About 5 years ago I wrote a blog about the sometimes impossible task of valuing a house.
Today, the exercise is even more complex. The seemingly never ending housing shortage, in combination with an apparent over supply of the wrong sort of property (namely ‘luxury’ flats in city centres) is a typical conundrum.
When a client engages us to prepare a building survey, on rare occasions they will ask for valuation advice. I understand the nervousness of an inexperienced buyer, but never succumb to this request.
Mortgage valuations are a necessary evil but often confuse a buyer who is purchasing a property usually for very personal reasons. The valuer must obtain strong comparable evidence to justify his figures otherwise his professional indemnity insurers will not be very happy should a lender come knocking on the door following repossession. And believe me, that is exactly what they will do. So, it is not surprising that valuers suffer from natural caution. More importantly, he (or she, yes there are female surveyors and valuers) does not have his heart in the purchase. He might consider properties X and Y are worth the same, but a buyer may have very good personal reasons why they want to pay £20,000 more for X. For a start, it is not available for the price of Y.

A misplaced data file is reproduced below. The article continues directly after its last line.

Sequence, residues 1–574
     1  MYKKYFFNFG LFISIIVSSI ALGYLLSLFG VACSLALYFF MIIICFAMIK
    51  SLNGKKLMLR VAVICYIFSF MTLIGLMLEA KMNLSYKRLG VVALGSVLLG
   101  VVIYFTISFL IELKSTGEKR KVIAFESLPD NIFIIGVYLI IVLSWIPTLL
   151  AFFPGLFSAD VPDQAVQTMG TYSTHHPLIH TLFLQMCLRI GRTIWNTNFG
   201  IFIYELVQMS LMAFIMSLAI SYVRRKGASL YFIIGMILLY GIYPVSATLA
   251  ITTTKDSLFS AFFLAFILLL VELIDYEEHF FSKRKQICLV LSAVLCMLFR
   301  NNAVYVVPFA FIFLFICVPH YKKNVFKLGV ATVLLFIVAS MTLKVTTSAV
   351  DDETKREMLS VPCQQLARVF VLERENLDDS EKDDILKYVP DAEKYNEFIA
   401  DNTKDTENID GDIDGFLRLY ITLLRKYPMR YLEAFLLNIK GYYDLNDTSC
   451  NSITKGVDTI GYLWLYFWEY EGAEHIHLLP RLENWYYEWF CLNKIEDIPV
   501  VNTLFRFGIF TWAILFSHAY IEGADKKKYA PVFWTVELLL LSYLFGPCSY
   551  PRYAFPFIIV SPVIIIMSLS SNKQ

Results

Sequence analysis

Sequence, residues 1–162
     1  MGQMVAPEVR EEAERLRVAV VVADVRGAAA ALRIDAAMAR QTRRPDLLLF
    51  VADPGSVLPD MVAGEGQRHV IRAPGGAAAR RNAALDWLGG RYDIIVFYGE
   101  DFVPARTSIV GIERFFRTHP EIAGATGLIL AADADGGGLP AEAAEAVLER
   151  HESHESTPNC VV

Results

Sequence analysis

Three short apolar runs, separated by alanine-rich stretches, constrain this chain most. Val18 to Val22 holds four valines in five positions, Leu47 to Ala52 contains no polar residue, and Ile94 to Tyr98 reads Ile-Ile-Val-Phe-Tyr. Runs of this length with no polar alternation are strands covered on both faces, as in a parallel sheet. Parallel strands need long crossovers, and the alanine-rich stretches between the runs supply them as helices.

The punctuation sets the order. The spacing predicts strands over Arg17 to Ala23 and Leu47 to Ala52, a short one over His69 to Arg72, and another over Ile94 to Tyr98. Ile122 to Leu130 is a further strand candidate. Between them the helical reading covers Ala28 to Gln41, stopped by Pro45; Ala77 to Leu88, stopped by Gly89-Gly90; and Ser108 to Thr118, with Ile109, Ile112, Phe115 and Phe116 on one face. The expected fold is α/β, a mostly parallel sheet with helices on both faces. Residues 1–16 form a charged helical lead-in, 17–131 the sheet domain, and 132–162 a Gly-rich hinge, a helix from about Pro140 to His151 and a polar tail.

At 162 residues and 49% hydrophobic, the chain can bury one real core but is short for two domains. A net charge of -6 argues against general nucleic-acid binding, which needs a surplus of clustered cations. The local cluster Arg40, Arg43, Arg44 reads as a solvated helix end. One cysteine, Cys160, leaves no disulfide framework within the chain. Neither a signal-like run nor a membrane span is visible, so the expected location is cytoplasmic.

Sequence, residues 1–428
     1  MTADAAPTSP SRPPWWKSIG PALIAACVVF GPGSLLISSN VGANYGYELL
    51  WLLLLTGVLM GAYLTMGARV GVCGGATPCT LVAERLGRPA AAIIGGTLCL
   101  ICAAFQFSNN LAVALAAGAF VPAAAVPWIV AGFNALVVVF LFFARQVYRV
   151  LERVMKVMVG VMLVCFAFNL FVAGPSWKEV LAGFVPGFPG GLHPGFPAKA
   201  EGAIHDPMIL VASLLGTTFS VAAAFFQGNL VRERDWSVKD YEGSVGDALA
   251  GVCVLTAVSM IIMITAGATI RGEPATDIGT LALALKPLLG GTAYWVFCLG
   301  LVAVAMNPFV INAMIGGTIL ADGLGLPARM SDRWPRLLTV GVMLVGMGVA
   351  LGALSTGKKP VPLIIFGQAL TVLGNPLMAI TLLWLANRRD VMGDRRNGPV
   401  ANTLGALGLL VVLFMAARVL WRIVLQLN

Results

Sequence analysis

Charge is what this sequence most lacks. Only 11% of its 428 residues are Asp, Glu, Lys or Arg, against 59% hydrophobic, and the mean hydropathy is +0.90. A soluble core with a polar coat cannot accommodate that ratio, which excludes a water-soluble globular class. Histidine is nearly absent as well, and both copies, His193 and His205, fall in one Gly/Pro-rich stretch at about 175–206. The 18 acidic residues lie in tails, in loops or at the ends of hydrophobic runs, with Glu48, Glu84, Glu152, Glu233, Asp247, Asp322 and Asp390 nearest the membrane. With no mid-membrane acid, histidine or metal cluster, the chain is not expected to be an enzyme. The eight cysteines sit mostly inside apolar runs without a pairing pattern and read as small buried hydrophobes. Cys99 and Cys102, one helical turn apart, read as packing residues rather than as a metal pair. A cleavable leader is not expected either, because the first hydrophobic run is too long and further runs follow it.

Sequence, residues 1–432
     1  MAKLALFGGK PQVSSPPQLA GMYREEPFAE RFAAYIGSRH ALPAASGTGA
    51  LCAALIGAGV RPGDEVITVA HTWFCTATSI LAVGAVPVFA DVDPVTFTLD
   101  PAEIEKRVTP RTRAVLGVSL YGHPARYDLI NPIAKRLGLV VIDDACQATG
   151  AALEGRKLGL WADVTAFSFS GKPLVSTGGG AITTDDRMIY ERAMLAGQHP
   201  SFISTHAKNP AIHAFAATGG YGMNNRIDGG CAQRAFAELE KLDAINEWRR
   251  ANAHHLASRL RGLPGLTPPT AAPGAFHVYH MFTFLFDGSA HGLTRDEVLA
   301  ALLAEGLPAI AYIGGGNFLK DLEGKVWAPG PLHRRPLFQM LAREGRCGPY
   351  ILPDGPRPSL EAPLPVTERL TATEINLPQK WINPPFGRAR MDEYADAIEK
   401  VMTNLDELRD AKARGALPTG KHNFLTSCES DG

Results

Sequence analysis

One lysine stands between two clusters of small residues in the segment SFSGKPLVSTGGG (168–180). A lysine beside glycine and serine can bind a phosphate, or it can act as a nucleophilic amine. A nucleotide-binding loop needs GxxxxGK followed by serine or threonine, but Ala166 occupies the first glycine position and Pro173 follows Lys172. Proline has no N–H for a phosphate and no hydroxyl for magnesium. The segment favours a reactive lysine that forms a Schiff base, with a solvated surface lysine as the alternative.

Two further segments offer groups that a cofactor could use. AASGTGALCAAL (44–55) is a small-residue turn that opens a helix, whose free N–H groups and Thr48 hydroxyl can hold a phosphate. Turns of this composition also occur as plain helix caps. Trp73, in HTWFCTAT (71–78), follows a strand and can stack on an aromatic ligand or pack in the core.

When it comes to mortgage valuations, the surveyor is stuck between a rock and a hard place. If he can’t find the evidence to justify the purchase price he will either upset the estate agent, seller, broker and no doubt the buyer, or risk consequences if the property is repossessed and the bank questions his valuation. What’s more, the valuers portion of the fee is barely enough for lunch. It is not surprising many of them regularly value below the purchase price. In fact, I know one local valuer that does this as a matter of course. You can understand why I avoid them like the plague (valuations that is, not the valuers, you understand…).
On many occasions, I see sales collapse because a valuation is below the sale price. The disappointed buyer loses the house, either because they genuinely think they are paying too much, or could no longer raise the funds required, only to see another purchaser pop up and pay what the first buyer offered; in fact, sometimes more!
Valuation is not an exact science and for the most part, purchasers do their own research not least by viewing several properties. Usually, they know what is a reasonable offer to make, and should avoid being distracted by a professional who is far more clinical in his approach.
If you are buying a house to live in, regard it as a home, not an investment. Who cares if you might be paying a little over the odds if you really love it?
When I explain this to a client, they usually drop the request. They are employing us for our experience and knowledge of construction and defects, not to phone around a few agents to find comparable evidence of value.
As for estate agents; if you recommend a surveyor to one of your buyers, make sure it is one who doesn’t give unsolicited valuation advice.
When dealing with the mortgage valuers, supply them with good comparable sales evidence; this will give the poor fellows the comfort they need to support the sale price without risking their reputation, or for that matter, their shirt.
Robert Desbruslais is the Managing Director on Desbruslais Chartered Surveyors. His book on how to buy a house is to be released soon.